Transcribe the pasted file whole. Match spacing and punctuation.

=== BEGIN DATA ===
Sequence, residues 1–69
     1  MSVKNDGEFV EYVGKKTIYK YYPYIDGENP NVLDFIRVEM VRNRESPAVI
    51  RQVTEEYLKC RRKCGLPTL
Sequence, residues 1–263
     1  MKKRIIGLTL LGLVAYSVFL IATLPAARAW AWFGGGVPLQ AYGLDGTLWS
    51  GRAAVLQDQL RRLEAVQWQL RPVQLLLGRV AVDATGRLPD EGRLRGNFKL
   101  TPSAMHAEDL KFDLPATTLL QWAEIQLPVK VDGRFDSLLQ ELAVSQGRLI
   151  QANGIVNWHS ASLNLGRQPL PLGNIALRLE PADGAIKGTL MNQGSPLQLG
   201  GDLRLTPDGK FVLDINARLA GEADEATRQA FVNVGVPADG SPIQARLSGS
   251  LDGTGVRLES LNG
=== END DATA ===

Sequence, residues 1–69
     1  MSVKNDGEFV EYVGKKTIYK YYPYIDGENP NVLDFIRVEM VRNRESPAVI
    51  RQVTEEYLKC RRKCGLPTL
Sequence, residues 1–263
     1  MKKRIIGLTL LGLVAYSVFL IATLPAARAW AWFGGGVPLQ AYGLDGTLWS
    51  GRAAVLQDQL RRLEAVQWQL RPVQLLLGRV AVDATGRLPD EGRLRGNFKL
   101  TPSAMHAEDL KFDLPATTLL QWAEIQLPVK VDGRFDSLLQ ELAVSQGRLI
   151  QANGIVNWHS ASLNLGRQPL PLGNIALRLE PADGAIKGTL MNQGSPLQLG
   201  GDLRLTPDGK FVLDINARLA GEADEATRQA FVNVGVPADG SPIQARLSGS
   251  LDGTGVRLES LNG